RHC: Yes, while Home Depot sells a line of DIY panels without dialers, I
    have observed that Radio Shack (in Canada anyway) sells Ademco equipment to
    the DIYer. I often wonder how they handle questions about programming etc
    that are bound to arise. But since most of them don't end up monitored, even
    full of errors they likely will work for their intended "local" purposes...
    RHC: Quite right !! I should have mentioned that !! Techniques related to
    the best model of contacts to use in various door / window configurations,
    placement of motions when pets are present, and proper wiring routing and
    placement are several of the situations that quickly come to mind. None of
    this is learned in any books, but comes about through experience over many
    actual installations. While none of this is "rocket science", it still
    requires a measure of experience to do correctly. I had the occasion to go
    back to one of my earliest installations the other day, and was somewhat
    taken aback by my wiring techniques within the can. While they were
    acceptable from a false alarm perspective, they clearly weren't up to the
    acceptable level of work after many years of installations. We all learn
    techniques as we go, over time !! I have been called upon to monitor a few
    self installed DIY systems. By and large, they are adequately done, but
    usually far too complex in the wiring. Several had huge crossconnect panels
    unnecessarily installed which only increased the number of "break" points in
    the overall wiring. Needless to say, I inspected them, and then hooked them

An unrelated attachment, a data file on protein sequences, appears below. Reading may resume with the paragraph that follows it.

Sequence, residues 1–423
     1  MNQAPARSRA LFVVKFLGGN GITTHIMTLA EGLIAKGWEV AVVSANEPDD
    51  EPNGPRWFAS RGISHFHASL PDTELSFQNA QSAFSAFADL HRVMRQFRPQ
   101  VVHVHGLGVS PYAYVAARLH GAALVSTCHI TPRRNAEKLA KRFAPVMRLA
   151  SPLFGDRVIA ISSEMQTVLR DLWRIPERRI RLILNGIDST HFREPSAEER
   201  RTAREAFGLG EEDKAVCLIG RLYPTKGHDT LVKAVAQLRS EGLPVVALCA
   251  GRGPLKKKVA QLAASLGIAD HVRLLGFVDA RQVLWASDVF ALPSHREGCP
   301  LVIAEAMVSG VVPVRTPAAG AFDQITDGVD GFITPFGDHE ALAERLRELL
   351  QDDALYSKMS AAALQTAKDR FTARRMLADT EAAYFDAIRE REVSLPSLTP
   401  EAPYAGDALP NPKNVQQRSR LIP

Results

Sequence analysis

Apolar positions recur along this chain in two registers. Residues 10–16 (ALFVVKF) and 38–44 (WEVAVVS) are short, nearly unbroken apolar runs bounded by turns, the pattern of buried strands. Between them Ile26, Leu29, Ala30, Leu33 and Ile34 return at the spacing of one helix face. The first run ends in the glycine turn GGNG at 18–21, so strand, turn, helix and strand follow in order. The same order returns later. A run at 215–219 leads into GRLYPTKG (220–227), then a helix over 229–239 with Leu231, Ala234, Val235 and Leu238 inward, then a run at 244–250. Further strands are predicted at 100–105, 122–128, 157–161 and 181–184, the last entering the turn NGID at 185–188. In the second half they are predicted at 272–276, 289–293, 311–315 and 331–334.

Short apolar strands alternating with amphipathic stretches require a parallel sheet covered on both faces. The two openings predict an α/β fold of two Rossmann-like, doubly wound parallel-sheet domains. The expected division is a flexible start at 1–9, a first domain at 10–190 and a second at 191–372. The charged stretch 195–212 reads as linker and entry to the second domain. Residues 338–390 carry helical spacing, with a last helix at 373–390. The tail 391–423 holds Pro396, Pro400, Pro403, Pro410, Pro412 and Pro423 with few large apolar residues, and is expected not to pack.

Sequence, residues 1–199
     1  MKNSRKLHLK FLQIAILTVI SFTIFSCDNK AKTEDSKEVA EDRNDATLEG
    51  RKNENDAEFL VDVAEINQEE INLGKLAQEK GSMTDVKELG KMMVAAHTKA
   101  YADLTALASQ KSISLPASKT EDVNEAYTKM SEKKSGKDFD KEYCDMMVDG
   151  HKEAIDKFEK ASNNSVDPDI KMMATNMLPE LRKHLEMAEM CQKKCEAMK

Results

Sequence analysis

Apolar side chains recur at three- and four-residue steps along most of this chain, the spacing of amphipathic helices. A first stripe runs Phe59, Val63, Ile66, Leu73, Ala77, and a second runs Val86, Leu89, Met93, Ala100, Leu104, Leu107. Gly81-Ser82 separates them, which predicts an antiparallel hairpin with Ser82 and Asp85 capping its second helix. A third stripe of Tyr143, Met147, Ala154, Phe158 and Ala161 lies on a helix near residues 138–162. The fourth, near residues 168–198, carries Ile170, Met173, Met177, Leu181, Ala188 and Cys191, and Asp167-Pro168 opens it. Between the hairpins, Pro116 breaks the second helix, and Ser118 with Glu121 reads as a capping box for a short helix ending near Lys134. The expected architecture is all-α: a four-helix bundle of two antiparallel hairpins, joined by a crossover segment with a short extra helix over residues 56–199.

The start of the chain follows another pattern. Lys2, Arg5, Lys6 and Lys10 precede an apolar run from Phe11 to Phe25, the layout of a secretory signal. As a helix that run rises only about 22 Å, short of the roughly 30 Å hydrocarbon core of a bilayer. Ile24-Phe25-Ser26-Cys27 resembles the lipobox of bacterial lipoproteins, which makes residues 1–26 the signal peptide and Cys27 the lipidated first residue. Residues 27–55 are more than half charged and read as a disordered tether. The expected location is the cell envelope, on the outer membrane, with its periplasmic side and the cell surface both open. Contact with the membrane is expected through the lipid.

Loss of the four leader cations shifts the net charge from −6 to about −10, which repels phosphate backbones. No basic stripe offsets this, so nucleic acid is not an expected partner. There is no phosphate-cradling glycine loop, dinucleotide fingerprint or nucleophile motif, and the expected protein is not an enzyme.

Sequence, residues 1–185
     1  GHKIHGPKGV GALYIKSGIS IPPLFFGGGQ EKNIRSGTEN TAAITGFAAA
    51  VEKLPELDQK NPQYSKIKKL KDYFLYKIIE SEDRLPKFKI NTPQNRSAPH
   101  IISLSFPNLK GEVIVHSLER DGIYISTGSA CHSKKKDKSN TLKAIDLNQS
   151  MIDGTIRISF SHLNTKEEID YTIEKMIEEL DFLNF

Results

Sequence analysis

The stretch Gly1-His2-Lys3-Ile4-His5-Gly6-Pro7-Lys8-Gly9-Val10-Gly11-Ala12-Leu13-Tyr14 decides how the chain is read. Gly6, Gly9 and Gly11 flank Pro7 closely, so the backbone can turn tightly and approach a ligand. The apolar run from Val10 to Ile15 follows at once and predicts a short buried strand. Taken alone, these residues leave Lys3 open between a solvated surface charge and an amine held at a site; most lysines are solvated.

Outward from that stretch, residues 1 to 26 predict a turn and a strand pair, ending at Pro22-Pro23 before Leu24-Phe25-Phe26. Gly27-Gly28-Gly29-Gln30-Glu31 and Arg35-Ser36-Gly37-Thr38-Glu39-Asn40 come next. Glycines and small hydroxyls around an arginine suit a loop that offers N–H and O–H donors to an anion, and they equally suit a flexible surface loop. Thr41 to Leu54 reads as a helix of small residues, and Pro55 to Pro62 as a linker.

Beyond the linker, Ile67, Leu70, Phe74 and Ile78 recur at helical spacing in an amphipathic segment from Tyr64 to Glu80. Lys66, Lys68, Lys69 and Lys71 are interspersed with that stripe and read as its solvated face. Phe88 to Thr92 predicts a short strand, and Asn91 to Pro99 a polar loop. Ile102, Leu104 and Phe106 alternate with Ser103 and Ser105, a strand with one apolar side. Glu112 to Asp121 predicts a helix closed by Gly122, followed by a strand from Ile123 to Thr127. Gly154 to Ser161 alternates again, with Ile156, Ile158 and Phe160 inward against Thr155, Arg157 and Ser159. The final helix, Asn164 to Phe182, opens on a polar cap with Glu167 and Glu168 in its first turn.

to the station, but I don't give my usual trouble free installation
    guarantee on these puppies !!
    RHC: Could be ! But I'll bet dollars to doughnuts their motive has more to
    do with selling more of their product than it has to do with what is best
    for the consumer. Even a company like Paradox Security Systems (a company I
    have the greatest respect for) are coming out with a wireless panel (it's
    being trialed in Europe as we speak....). As the growth in residential
    alarms continues unabated (at least for the next few years until the
    integrated home automation market catches up), all the manufacturers are
    jumping on the bandwagon to build products easily sold to the DIY market.
    Quite coincidentally, that also caters to the professional "lick and stick'
    crowd who then don't have to hire competent techs to install, while also
    keeping their upfront costs down. Plus, it allows them to mass market to the
    public to sell more of their ridiculously overpriced monitoring contracts,
    which is what most of them only really care about anyway. So we'll likely
    see more of the opportunistic long term contract nonsense (ie: on those
    occasions when the client has paid a full market price up front.......)

    Rather than seeing a trend away from the "free system" installations that is
    predicted by many in the market, I see this trend by manufacturers towards
    development of this kind of easily installed wireless equipment as actually
    encouraging it. Overall, while it will probably increase the numbers of
    alarm systems in the market, it will IMO cheapen the quality of coverage
    downwards from the ideal full perimeter system to the two doors / one motion
    type of system. But "c'est la vie"; the market usually adjusts towards what
    the consumer wants, even when it can be against his best interests. And if
    the truth be known, this configuration does work adequately in a lot of
    residential situations. This will be mitigated by the certain fact that DIY
    will always remain a very small part of the overall market place, just as it
    is with all other trades (the Home Depots of the world not
    withstanding....). And I certainly don't see any market leadership or
    consumer education by those market leaders like ADT who should be IMO taking
    some responsibility, but instead only care about their bottom line (their
    idea of "education" is the two hours of "how an alarm system works" security
    training before they inflict their hoards of sign carrying "free system"
    salesmen on the dining public......

    Kind of makes me glad I'm approaching the end of my tenure in this
    business...

    RHC